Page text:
Natalie: I went to a liberal arts college where my general education science course was called meteorology and we colored weather maps. Needless to say, it has been a minute since I studied legitimate science and biology, and I learned/reviewed so much information about the human body during this course. As someone who has been injured WAY too many times from my marathon running adventures, I was a tad obsessed with learning the roots of common athletic injuries and best measures to prevent them. I also found the athletic differences in men and women really interesting. For example, men only need 2-5% essential body fat, while women need 10-13% (this is 100% not fair). Women also tend to sweat less than men because we have less lean muscle in our bodies. I love these random facts!
Q: How has earning your certification helped you become a better athlete and student?
Lauren: From an athletic standpoint, earning my certification really helped my become more aware of my body. What’s amazing about practicing yoga is that it allows you to really check in with each part of your body, assessing what feels good, what feels uncomfortable and what needs more attention. As a naturally impatient human being, I rarely took the time to stretch after going for a run or doing a HIIT workout. However, increasing my yoga practice showed me how important and beneficial it is to check in with each part of my body. I also found that I became a stronger runner as my practice increased. I recovered much quicker, and even if I wasn’t running consistently, as soon as I set foot on the pavement, my body was ready to push past my comfort zone and it was AWESOME.
Natalie: I’ve been an athlete my entire life, and I used to go through the motions of my workouts without giving them much thought. Earning my certification made me so much more aware of my form and which muscles were working to perform an exercise. Now when I struggle to perform an exercise (I’m talking about you, pull-ups), I know exactly which muscles are firing, which muscles are weak and what moves I can incorporate in my routine to strengthen my problem areas.
Q: There are a few articles floating around the internet that list “10 Things Your Yoga/Spinning/Bootcamp Instructor Wants You To Know.” What is one thing you would want your students to know before coming to your class?
Lauren: That they’re allowed and encouraged to smile! Smiling makes everything more enjoyable. Life is too short to not crack a smile – even if you’re in floor bow…
Natalie: That the only person they need to compete with is themselves. The fitness world can be kind of elitist and bratty sometimes, and I NEVER want anyone to feel like they’re not qualified enough/skinny enough/fit enough to come to class, get their workout in, and leave in a better mood than when they arrived.
Q: What made you decide to be an instructor? What are you most looking forward to in regards to teaching others?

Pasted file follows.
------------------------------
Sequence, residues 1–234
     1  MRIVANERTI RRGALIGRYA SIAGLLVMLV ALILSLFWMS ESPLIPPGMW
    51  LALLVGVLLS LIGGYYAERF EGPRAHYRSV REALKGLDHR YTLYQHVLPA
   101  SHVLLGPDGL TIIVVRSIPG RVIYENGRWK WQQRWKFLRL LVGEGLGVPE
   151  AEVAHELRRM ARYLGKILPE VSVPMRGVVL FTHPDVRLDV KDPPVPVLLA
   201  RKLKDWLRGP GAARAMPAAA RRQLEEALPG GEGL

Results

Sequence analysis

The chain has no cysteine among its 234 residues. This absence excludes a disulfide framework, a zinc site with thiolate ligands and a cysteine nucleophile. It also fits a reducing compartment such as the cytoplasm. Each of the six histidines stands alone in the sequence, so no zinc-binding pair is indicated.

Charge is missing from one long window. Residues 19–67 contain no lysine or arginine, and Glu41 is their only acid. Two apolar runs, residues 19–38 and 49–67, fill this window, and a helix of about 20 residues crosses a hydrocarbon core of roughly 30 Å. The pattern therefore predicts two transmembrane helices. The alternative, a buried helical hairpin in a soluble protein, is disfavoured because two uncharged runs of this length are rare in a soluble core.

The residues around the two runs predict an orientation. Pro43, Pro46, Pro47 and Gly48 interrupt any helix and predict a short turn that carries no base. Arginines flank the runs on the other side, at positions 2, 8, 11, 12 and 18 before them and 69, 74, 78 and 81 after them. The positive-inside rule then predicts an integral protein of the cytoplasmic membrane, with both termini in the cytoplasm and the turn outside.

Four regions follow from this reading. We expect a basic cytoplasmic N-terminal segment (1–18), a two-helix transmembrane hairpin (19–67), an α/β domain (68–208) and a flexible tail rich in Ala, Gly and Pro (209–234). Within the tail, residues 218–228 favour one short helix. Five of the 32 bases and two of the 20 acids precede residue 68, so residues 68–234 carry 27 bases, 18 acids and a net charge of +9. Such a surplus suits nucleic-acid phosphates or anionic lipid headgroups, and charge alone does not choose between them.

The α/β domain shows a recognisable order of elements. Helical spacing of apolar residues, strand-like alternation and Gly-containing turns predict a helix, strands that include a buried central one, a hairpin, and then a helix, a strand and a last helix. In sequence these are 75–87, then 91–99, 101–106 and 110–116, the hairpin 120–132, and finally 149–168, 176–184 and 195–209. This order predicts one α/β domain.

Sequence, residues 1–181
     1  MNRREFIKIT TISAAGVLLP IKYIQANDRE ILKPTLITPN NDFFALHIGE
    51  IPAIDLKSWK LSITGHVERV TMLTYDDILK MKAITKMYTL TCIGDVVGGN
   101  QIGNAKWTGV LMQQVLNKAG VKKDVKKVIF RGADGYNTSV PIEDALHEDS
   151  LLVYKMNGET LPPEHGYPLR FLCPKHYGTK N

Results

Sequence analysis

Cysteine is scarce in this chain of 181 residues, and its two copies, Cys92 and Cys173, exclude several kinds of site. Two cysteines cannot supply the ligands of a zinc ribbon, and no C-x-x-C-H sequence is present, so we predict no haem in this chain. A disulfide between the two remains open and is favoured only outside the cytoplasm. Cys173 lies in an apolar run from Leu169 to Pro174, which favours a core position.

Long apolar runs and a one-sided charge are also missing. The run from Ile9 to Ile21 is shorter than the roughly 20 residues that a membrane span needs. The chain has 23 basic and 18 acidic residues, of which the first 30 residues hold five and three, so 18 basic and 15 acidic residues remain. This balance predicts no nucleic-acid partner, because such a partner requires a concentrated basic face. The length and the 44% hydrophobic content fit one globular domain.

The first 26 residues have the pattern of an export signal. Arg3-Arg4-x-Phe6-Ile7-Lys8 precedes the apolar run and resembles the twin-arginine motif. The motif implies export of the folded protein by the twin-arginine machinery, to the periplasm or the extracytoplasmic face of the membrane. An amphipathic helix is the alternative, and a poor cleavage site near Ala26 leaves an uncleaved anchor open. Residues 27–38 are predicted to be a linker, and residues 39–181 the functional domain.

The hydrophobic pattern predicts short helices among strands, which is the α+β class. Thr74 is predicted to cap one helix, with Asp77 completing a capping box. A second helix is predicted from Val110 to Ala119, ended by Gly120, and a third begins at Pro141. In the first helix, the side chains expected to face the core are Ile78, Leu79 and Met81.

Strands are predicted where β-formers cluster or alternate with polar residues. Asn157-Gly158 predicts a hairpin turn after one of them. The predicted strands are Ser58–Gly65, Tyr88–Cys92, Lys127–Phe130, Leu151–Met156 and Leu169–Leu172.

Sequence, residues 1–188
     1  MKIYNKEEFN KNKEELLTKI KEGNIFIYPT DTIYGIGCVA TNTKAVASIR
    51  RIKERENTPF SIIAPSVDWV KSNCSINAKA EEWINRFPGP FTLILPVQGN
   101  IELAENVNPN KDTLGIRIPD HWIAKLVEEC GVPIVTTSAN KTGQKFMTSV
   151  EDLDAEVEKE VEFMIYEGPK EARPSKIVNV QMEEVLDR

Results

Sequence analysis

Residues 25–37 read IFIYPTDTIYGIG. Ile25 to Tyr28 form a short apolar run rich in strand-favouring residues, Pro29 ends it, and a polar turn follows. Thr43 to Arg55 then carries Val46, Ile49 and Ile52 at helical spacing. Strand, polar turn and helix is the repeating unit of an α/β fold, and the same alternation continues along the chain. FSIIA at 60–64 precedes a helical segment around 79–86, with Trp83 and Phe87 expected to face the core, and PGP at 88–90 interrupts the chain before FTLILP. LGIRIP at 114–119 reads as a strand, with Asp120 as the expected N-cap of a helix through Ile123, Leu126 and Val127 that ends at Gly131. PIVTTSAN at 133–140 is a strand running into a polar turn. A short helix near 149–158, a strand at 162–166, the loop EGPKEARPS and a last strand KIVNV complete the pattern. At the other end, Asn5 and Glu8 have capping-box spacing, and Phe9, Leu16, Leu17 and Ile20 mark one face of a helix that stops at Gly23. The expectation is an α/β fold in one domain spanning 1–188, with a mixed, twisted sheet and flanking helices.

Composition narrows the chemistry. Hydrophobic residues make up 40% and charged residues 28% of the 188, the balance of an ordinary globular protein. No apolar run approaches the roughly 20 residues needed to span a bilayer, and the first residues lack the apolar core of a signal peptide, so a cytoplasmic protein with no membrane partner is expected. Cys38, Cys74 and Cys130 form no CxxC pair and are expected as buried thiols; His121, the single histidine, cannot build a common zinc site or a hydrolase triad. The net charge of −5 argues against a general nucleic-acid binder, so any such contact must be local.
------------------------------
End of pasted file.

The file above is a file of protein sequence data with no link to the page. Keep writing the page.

Lauren: In high school, I decided to join the boys wrestling team as a joke, because I thought it would be a hilarious story to tell. Long story short, I ended up falling in love with the sport and it became my life. When I first started as a freshman, I got my butt kicked by the guys, but my coaches never lost faith in me. They always saw my potential and pushed me beyond what I thought my capacity was. Soon I was holding my own against the boys and competing nationally in the USGWA. It was this journey that taught me that limits don’t exist (cue ‘Mean Girls’) – that we can always go beyond what we think our boundaries are, whether it’s specific to athleticism or anything else in life. This perspective is a gift that I want to share with others. I always thought that I wanted to be a coach at some point in my life, and while that’s still a dream of mine, I realized that I can also share this gift through leading a workout or a fitness class. I want people to know that their limit is not their limit, and that’s what I’m most excited about.
Natalie: Instructing is something I have wanted to do for a few years, but if I’m being honest, I never had the guts to earn my certification or audition to teach. I’ve struggled with body image issues and weight fluctuation my entire life, and it’s definitely held me back whenever I think about teaching. When I moved to Los Angeles, I found instructors who kicked my ass and made it fun, and soon I was swapping nights at the bars for nights at the barre (get it?). This city and its instructors have changed my lifestyle and my priorities, and I would love to continue to foster a love of health and fitness in others. I truly believe in progress over perfection, and I’m looking forward to connecting with people in the studio and being real about finding balance with fitness. Some days I wake up, hit the gym and drink a protein smoothie. Some days I hit snooze 6 times and eat 3 cookies for breakfast. It happens. I want to help people stop beating themselves up over their bodies and instead celebrate that they made time in their days to sweat.